These events have raised enough funds to:
• Purchase the first mammography machine for the country of Nepal
• Purchase the first Nucletron
brachytherapy afterloader (internal radiation) machine for the country of Nepal
• Create and provide funding for a mobile cancer unit in Peru that will educate, screen and treat up to 30,000 patients per year in remote regions of Peru
• Fund a new wing for a cancer care center in Wales
• Support the Valerie Fund in New Jersey, a center for children with cancer and blood disorders
• Add more than 2,000 people to the national marrow database
• Bring supplies to cancer centers in need around the world
• Release the Everest Rocks
documentary on MTV’s HD channel, Palladia
: LHS approaches the fight against cancer in a very progressive and inclusive way, including what it calls the LHS Army. What do Army members do?
: Our Army is made up of thousands of supporters ranging from cancer survivors and high school bands to Nepalese folk singers and rock ’n’ roll legends (members of The Stray Cats, the B-52’s, Gin Blossoms, The Fixx, Candlebox and Everclear are but a few). As part of the Army, we ask people to give their “love, hope and strength” by dedicating time and effort to spreading awareness and raising money. Army members can do this by hosting their own LHS Army event, volunteering at bone marrow drives and by simply spreading the word to the right people.
Anyone interested in becoming part of the LHS Army can do so by going to www.lovehopestrength.org/site/join-the-army/
: In what other ways can our readers get involved?
: There are a number of ways for readers to get involved. The list includes:
||Making a general donation to the foundation
||Sending a prayer flag on our pilgrimage to Mount Kilimanjaro
||Hosting a bone marrow drive at a music-related festival or event
||Becoming an LHS sponsor
||Making LHS a beneficiary at one of their own events
||Buying LHS gear (100 percent of the proceeds go toward fighting cancer worldwide)
Go to the “Get Involved” tab on the LHS website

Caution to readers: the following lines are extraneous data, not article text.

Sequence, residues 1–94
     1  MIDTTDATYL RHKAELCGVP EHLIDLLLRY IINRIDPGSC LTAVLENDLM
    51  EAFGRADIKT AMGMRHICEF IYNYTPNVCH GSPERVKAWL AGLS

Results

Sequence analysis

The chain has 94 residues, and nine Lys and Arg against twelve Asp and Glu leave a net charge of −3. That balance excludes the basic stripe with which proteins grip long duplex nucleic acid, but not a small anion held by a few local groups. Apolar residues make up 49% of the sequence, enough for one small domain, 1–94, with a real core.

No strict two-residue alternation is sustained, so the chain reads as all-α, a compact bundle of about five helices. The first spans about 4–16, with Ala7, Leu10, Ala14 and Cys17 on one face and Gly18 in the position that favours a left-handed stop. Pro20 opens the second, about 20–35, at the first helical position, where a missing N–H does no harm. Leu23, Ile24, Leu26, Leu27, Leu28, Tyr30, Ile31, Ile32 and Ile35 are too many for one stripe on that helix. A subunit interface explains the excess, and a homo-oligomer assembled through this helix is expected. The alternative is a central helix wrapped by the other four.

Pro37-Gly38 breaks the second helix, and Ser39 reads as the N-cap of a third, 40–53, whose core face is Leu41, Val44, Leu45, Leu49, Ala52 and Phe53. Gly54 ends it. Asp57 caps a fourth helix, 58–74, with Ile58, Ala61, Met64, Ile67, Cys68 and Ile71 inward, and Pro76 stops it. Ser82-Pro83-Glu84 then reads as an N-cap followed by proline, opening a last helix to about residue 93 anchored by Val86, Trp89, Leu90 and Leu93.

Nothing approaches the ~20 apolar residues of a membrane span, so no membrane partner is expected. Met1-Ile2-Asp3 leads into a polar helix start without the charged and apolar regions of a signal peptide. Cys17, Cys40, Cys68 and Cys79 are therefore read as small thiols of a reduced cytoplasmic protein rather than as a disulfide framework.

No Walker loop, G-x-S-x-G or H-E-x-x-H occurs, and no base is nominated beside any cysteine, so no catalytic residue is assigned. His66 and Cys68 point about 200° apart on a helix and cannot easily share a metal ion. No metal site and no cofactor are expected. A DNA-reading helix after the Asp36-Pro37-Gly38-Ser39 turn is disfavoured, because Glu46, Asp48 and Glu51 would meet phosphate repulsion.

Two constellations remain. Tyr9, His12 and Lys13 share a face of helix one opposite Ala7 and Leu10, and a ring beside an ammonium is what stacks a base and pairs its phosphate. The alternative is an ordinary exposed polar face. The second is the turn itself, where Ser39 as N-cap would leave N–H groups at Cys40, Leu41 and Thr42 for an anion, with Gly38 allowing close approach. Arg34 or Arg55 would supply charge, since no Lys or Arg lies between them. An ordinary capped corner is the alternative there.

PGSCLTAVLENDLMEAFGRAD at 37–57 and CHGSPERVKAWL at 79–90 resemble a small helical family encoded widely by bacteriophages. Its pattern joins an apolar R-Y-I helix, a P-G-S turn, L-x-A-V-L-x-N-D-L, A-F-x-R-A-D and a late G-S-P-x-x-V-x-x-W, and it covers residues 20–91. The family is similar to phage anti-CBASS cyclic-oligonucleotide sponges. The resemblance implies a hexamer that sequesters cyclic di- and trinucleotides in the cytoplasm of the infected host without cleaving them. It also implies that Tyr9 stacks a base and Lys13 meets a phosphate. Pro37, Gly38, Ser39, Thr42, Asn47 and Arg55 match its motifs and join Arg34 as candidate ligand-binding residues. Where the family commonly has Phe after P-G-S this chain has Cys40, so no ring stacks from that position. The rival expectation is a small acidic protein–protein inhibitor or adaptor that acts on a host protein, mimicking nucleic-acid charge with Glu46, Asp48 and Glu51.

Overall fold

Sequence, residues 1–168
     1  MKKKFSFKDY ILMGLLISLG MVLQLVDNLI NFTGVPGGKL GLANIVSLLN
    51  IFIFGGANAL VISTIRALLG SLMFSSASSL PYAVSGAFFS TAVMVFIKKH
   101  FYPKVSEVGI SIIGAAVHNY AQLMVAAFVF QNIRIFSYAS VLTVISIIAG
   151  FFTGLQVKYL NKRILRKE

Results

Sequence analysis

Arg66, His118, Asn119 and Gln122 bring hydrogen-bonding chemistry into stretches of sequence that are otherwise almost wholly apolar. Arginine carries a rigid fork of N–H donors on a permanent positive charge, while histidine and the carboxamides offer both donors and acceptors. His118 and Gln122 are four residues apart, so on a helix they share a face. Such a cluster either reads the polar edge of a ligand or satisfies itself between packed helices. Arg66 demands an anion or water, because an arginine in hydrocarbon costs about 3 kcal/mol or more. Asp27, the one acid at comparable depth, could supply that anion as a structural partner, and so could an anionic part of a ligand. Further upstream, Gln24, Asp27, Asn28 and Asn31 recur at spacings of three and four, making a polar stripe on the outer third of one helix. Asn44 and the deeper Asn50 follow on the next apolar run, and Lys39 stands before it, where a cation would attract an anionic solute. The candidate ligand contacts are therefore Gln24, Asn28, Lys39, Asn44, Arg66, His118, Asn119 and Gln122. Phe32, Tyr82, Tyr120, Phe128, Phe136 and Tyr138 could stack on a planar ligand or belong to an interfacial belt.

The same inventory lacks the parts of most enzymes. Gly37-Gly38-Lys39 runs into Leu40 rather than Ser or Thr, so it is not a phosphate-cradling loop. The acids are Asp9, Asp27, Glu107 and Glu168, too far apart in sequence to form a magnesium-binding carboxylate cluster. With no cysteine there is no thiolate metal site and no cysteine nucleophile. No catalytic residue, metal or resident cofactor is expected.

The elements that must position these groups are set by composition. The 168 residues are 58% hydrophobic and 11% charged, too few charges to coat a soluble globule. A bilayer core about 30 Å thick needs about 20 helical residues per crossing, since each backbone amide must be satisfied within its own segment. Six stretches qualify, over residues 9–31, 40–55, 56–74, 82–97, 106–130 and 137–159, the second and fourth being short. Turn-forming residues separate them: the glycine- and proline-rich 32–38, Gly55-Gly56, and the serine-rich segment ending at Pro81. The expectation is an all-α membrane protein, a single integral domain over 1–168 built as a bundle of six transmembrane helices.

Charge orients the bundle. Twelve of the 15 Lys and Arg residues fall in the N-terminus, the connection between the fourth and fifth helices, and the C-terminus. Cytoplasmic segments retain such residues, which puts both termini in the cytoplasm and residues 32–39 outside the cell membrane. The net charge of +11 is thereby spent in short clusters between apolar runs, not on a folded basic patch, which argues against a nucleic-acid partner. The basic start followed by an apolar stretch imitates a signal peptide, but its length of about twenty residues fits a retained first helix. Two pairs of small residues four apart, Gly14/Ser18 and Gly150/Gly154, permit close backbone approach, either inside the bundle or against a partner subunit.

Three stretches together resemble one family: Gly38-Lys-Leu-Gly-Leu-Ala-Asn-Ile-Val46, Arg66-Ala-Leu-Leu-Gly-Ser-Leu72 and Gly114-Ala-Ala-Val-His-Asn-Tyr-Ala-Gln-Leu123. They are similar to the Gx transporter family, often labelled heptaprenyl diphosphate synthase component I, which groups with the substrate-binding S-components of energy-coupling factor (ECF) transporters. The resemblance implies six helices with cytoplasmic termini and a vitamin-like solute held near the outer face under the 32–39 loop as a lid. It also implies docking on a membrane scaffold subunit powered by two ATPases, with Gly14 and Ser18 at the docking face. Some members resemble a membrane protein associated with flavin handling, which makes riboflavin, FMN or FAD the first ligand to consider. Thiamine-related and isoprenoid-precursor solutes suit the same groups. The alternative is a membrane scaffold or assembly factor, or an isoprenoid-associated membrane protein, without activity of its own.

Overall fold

to learn more.
: What do our readers need to know about the state and availability of quality cancer treatment today?
: According to the World Health Organization, cancer is expected to be the leading killer by 2010 and is growing most quickly in developing countries. By 2020, the cancer death rate in low- and middle-income countries is projected to be more than five times that of the industrialized world. Among the barriers to addressing this growing epidemic are lack of awareness, lack of resources, insufficient cancer policies and programs, lack of diagnosis and treatment infrastructure, lack of trained personnel, and the high cost of many cancer treatments.**
There is a vast difference between the cancer care provided in Western countries, such as the United States, and the cancer care offered in developing countries. Every country is unique in its needs. In Nepal, we found a lack of technology resources such as an internal radiation machine. In Peru, we found they had the equipment but no ability to treat or reach the rural Peruvians. In Africa, there is a shortage of care centers for the entire Sub-Saharan region. Many countries do not have the benefit of state-of-the-art technology, education and awareness for detection, and a system that offers the population affordable health care. The LHS goal is to ensure that these people get care, whether it’s by building a cancer treatment center, purchasing lifesaving equipment or funding a mobile cancer unit. We touched on all this above.
** Cancer treatment and care in developing countries: Experts spotlight growing crisis. Axios, February 2, 2009.
TFG: What events do you have slated for 2009?
SF: We have a number of events slated for this year (readers can check out the calendar here), including 383 Kent Rocks! in Sydney, Australia, on Feb. 24; Mt. Snowdon Rocks! in Wales on July 4; Rhondda Rocks! in Wales on June 27; Union County Musicfest in Cranford, N.J., on Sept. 12 and 13; and Kilimanjaro Rocks! from Sept. 27 to Oct. 9. Kilimanjaro Rocks! will involve musicians, survivors and supporters participating in a symbolic pilgrimage to Uhuru, the 19,341-foot peak of Mount Kilimanjaro, the world’s largest free-standing mountain. In addition, the Love Hope Strength Foundation will be conducting bone marrow drives across the country, and is in talks to host a pilgrimage to the top of a Colorado 14er.
For more information, go to www.lovehopestrength.org.